Thread: Atemi and Irimi
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Old 03-22-2005, 06:24 AM   #4
Dazzler
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Re: Equitable?

Quote:
Mike Sigman wrote:
I can't find it. Can you provide the cite, please?

Regards,

Mike Sigman
As promised...Am still at work so am not 100% certain of title...but believe this is from 'Aikido - Etiquette and Transmission'.

Its certainly from Nobuyoshi Tamura Sensei.

Quote:
Tamura wrote:
IRIMI

The Irimi used in Aikido, the law of Irimi, is the root of Aikido. It will be recalled that O Sensel transferred into Aikido the law of Irimi which he learned by the profound study of the Art of the Spear.

The character Iri describes the idea of passing the entrance of a house, to enter it or to be invited into it. The character Mi gives the idea of a child in its mother's womb with the sense of completeness of flesh, bone and blood. Therefore Mi equals body and lrimi, to put ones own body in the body of the opponent. Following the method of the spear, the word Irimi is used to describe the action of penetrating victoriously to the interior of the guard of an adversary armed with a weapon longer than your own when you are armed with a sword or a dagger or even when one is unarmed.

When two forces move in an opposite direction, the force which results is the sum of the two forces. Irimi is the use of this result and its relation to ones own position at the moment of meeting.

We call Irimi Issoku the entry of a step to the side of an adversary. With a profile guard, you are in the position to allow lrimi, attacking the adversary by sending back the force of his attack without using your own force.

Explained mechanically, it is very easy to understand. Do not forget however, that in reality Aite is living and that everything does not work according to theory, especially when he is better armed than you.

With ones bare hands or with a weapon shorter than your opponents, to enter the interior of your opponent's guard or to oppose him with force, you must judge exactly the Ma Ai despite the changing position of Aite. This is normal and needs no further explanation. More important is to forget his body, to enter and pierce and be pierced, to enter without the slightest hesitation.

You press Aite with your mental power to the point where you can contain the attack; taking his attack, using it, you enter!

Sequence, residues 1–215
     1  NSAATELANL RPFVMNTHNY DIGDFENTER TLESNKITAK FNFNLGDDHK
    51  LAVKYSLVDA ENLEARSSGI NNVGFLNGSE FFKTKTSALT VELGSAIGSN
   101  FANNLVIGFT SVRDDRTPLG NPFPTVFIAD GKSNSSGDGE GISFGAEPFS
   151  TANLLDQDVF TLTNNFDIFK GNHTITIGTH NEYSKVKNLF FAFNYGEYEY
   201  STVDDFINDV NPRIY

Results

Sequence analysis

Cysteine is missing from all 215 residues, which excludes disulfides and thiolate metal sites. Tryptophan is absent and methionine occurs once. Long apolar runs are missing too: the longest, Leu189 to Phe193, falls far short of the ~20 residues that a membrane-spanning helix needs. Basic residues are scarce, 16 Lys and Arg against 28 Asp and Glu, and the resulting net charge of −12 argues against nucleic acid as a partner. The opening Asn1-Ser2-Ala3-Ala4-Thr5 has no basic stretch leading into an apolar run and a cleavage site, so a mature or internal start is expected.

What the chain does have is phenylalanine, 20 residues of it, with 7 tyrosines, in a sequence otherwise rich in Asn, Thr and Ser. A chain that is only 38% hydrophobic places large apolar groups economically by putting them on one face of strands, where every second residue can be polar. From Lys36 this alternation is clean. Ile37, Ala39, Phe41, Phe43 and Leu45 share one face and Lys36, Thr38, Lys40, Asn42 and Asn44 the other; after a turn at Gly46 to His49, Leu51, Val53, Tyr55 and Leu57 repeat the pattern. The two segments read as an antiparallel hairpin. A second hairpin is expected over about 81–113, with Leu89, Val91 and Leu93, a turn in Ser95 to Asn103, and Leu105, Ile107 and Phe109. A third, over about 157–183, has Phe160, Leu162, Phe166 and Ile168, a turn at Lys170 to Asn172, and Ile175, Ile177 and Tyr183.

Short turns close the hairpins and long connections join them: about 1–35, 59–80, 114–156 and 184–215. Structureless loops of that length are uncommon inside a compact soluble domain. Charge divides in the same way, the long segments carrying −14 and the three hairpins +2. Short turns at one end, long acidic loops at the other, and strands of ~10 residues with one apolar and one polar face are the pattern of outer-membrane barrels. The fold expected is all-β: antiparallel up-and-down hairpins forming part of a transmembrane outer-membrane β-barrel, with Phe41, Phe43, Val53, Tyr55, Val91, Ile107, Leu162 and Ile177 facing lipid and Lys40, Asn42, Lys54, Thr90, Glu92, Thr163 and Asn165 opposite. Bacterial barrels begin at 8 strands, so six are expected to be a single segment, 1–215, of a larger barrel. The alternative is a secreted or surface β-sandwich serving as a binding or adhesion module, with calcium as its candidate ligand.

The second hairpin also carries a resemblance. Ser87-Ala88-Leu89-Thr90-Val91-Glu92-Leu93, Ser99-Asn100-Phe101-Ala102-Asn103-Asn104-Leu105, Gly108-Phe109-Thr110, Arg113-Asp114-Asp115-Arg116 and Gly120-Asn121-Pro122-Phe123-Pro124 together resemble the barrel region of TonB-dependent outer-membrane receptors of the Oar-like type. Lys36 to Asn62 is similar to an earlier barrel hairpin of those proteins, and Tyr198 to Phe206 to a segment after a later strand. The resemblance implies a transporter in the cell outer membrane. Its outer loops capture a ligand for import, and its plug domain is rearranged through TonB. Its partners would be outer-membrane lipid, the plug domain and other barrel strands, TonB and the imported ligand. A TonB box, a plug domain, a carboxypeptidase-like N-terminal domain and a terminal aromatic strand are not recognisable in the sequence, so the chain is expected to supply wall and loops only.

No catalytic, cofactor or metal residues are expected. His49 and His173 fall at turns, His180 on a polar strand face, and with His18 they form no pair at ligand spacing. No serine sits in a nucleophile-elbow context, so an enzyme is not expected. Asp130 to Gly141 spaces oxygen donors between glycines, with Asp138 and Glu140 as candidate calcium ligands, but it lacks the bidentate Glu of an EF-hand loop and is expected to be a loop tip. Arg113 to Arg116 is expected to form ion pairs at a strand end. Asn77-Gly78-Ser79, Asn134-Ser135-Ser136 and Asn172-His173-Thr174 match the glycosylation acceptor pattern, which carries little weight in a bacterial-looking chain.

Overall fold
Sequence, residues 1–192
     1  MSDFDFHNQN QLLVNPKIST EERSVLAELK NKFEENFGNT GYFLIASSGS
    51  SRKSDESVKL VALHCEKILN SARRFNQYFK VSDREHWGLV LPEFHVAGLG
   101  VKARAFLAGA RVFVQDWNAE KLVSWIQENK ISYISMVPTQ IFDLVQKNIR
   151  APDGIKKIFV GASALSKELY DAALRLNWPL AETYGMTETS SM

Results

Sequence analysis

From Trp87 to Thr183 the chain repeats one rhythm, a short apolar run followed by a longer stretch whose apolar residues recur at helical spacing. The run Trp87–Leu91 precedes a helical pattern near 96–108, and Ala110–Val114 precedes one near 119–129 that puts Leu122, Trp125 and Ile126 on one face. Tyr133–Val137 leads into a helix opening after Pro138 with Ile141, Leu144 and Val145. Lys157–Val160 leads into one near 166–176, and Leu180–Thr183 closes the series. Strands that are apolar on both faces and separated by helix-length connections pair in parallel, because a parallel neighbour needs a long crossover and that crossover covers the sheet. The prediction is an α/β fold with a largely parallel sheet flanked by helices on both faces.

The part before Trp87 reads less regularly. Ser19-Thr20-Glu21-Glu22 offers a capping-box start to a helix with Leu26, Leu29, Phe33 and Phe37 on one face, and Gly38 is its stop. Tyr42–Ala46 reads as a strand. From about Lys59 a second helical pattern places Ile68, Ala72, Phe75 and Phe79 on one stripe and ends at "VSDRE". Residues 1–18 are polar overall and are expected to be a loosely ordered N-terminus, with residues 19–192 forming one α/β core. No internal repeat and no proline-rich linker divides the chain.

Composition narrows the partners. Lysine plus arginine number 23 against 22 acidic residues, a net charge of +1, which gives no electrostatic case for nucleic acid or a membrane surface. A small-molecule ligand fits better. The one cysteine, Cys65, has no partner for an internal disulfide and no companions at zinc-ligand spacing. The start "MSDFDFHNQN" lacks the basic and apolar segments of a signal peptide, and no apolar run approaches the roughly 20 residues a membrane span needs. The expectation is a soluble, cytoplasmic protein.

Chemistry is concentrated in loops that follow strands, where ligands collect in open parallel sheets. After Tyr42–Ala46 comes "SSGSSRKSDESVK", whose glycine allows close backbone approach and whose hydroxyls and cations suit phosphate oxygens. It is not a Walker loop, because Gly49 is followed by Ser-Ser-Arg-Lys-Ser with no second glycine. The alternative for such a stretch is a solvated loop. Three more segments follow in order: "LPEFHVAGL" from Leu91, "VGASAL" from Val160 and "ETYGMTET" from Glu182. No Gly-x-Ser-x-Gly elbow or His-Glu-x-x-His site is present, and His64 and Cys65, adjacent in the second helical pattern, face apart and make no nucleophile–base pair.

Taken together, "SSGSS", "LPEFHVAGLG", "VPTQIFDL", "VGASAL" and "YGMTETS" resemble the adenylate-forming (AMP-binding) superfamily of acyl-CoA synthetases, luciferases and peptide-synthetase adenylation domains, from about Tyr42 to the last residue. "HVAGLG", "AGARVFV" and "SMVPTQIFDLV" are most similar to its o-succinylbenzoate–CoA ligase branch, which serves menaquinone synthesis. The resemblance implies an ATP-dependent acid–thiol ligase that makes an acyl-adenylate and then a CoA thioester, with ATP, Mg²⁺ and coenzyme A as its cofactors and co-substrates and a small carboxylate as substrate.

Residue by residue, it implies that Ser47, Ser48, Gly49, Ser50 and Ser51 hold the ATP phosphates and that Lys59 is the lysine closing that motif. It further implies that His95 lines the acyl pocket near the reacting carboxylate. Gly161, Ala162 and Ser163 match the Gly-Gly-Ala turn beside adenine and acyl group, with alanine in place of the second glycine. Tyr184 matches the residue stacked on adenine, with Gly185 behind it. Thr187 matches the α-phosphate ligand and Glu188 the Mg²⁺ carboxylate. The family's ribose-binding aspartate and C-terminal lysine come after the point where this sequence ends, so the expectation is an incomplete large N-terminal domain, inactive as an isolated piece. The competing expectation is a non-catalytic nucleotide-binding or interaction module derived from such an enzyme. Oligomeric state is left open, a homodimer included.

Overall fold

Accordingly, you will have the feeling of enveloping the adversary, becoming at one with him. He himself will come into your interior. This is the lrimi of Aikido.

and this....

Quote:
Tamura wrote:
ATEMI

For many people today, the work Atemi describes the punch of Karate, because in Karate the object of training is to destroy the adversary with a punch or a kick.

I am writing this chapter because no-one believes that there is Atemi in the study of Aikido.

Certainly in actual practice, Atemi has been eliminated in order to avoid the risk of injuring the beginner, to prevent reliance on the Atemi to the detriment of the technique and to prevent students with the wrong idea misusing it when they have progressed with the technique.

Therefore those who claim that there is no Atemi in Aikido know nothing about Aikido.

O Sensei, defining Aikido says:

"Aikido is lrimi and Atemi"


All Aikido techniques include Atemi.

Etymologically, Ateru expresses the idea of estimating and evaluating with precision the area and value of a field. By extension it means; "to place exactly"; "to fall exactly on the desired spot", to the centre of a target for example. To the notion of estimating and evaluating is added the idea of success.

Mi means the body. In ancient Budo, Atemi consisted of striking the adversary's vital points to cause loss of consciousness or death. To wound superficially or to break a bone was not Atemi.

In Aikido, Atemi is used to dominate the will of the attacker, to cause a softening of his vital points, to disturb his concentration and to stop his intended action.

From this soft Atemi we pass to Atemi which causes unconsciousness of death. It is good to study with an idea of using such techniques against a knife attack. Obviously the work must include study of the points of re-animation. If you study acupuncture in the form that has recently been developed I hope that you will understand that the points which can bring about healing can also cause death. This is a good example that shows that in everything there is Ura and Omote.

When you have reached a high level of study it will be good for you to discover during practice the possibility of placing here or there an Atemi.


There ya go...a little more than the one liner I started with but hopefully that adds interest.

D